As Hurricane Sandy leaves millions of New Yorkers without shelter or access to food, including those who were already struggling to make ends meet, U.S. Senators Charles E. Schumer and Kirsten Gillibrand are calling on the USDA to implement emergency food resources.
Specifically, the Senators are calling for approval for a mass Supplemental Nutrition Assistance Program (SNAP) reimbursement for recipients in the impacted counties as well as approval to implement a Disaster Supplemental Nutrition Assistance Program (D-SNAP) as soon as possible. The Senators are also asking the USDA to channel all possible federal resources through the Emergency Food Assistance Program (TEFAP) to New Yorkers in need, particularly in New York City, the Hudson Valley, Westchester and Long Island that took the worst of the storm. These steps will help New Yorkers to cover costs of purchased food that was lost to Hurricane Sandy, and to waive the unprepared food requirement for SNAP purchases.
"Hurricane Sandy has devastated the lives and homes of millions of New Yorkers, and it is critical that emergency food assistance is provided to those left in its wake," said Schumer. "We are urging the U.S. Department of Agriculture to provide critical support to New York food pantries, as well as to individuals that rely on such assistance to feed their families during these difficult times."
"Standing by those who are struggling is part of who we are as Americans," Senator Gillibrand said. "And as Hurricane Sandy leaves millions of struggling New Yorkers without food or shelter in its wake -- we need to stand by them today with access to healthy meals so they can meet basic needs as we work to clean up and get back on our feet."
Soup kitchens and food pantries are serving New Yorkers with food deliveries where conditions allow, and nutrition advocates and volunteers are working around the clock to bring meals within reach to New Yorkers displaced by the storm and flooding.
But as families that receive food stamps reach the end of the month when benefits typically run scarce, more will turn to food pantries, doubling the pressure on these resources already stretched thin by the storm.
Therefore, Senators Schumer and Gillibrand are calling on the USDA to bring all federal resources to bear to keep food pantries stocked, and help feed struggling New Yorkers left in the wake of this massive storm.
The Senators' complete letter to U.S. Secretary of Agriculture Tom Vilsack is below:
Dear Secretary Vilsack,
Thank you again for your partnership in helping New York after Hurricane Irene and Tropical Storm Lee struck our state last fall. Your attention to New York's post- disaster needs were much appreciated, and we are writing to you today to again ask for your assistance in helping New York recover from Super Storm Sandy.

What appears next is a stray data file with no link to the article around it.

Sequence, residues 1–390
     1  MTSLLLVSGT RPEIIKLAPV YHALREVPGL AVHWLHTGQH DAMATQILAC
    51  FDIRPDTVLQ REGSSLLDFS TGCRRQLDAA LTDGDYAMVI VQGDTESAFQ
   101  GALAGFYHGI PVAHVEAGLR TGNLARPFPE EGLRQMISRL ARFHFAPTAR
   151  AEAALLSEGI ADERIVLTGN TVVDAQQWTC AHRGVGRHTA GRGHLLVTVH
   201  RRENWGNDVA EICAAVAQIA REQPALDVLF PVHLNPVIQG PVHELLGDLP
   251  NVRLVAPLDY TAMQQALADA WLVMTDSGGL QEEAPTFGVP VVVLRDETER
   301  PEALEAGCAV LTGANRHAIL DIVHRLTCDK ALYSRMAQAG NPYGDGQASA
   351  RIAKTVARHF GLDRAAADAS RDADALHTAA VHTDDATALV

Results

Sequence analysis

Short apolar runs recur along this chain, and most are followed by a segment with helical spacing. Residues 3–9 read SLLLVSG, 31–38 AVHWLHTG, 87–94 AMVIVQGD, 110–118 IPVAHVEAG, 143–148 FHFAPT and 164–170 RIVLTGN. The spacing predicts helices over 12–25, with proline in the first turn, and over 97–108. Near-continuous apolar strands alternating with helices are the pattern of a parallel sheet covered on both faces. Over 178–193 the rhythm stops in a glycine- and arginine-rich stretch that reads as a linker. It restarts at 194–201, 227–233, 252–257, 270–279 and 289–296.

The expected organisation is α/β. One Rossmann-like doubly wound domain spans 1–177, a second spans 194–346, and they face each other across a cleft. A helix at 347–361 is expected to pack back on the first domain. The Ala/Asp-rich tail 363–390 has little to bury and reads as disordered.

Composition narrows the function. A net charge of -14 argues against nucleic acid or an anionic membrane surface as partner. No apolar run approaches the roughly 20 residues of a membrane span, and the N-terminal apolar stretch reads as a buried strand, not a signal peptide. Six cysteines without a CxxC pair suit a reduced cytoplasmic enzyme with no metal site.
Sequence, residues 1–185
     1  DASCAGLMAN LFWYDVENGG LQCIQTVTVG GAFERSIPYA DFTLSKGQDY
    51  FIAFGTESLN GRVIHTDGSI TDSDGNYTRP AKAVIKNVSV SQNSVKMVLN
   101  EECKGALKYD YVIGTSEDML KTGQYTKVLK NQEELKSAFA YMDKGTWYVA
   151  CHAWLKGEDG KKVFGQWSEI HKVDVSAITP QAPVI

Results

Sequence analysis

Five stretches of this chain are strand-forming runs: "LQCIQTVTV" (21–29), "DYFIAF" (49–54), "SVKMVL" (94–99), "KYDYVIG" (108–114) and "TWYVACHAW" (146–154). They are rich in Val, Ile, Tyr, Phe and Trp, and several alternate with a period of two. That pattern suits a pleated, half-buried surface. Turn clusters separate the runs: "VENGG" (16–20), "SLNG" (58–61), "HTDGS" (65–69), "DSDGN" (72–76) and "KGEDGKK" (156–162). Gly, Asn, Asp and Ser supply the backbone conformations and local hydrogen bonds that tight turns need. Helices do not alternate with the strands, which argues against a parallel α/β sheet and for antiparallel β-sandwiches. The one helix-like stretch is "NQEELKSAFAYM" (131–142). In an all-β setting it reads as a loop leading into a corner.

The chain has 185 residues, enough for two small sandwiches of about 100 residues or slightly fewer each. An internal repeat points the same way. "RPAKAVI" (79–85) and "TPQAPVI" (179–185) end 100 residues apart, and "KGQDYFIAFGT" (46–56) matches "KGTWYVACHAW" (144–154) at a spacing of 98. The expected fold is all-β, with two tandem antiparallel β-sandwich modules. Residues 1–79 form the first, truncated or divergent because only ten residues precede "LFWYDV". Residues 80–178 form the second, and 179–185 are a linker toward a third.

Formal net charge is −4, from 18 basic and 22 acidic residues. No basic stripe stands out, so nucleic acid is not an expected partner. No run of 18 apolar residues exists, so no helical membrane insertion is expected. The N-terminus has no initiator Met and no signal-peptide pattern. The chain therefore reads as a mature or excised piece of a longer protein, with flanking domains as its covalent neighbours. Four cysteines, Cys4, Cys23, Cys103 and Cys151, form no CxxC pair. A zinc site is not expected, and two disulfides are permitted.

Specifically, we seek your support in 1) granting a mass Supplemental Nutrition Assistance Program (SNAP) reimbursement for recipients in the disaster impacted counties, 2) waiving the unprepared food requirement for SNAP purchases, since so many New Yorkers are without power and unable to cook their own meals, 3) approving the Disaster Supplemental Nutrition Assistance Program (D-SNAP) when submitted by the state, and 4) sending additional Emergency Food Assistance Program (TEFAP) resources to our regions in need post disaster, especially New York City, Hudson Valley, Westchester and Long Island.
We are so proud of our New York soup kitchens and food pantries which continue to serve New Yorkers in need with food deliveries when weather and road conditions have allowed. Anti-hunger workers and volunteers in New York are working double time to make sure that all New Yorkers, but especially those vulnerable populations, don't go without food. New Yorkers need additional TEFAP food to survive.
New Yorkers who receive SNAP benefits have lost up to 90% of their benefits due to power outages and flooding, meaning they are in critical need of immediate reimbursement. We need to connect those eligible to the Disaster SNAP program once it is up and running, as well as procure as much food as possible for resource strapped food banks, pantries and soup kitchens. Many food pantries and soup kitchens are flooded or lost power, meaning they have spoiled food and equipment damage. We need to help them rebuild, but also recognize the added pressure this will put on those that are operational. These soup kitchens and food pantries need additional TEFAP resources to stay open and keeping hunger at bay in New York.
Thank you again for your continued support of New York, especially during these critical times after Super Storm Sandy. We look forward to continuing to work together.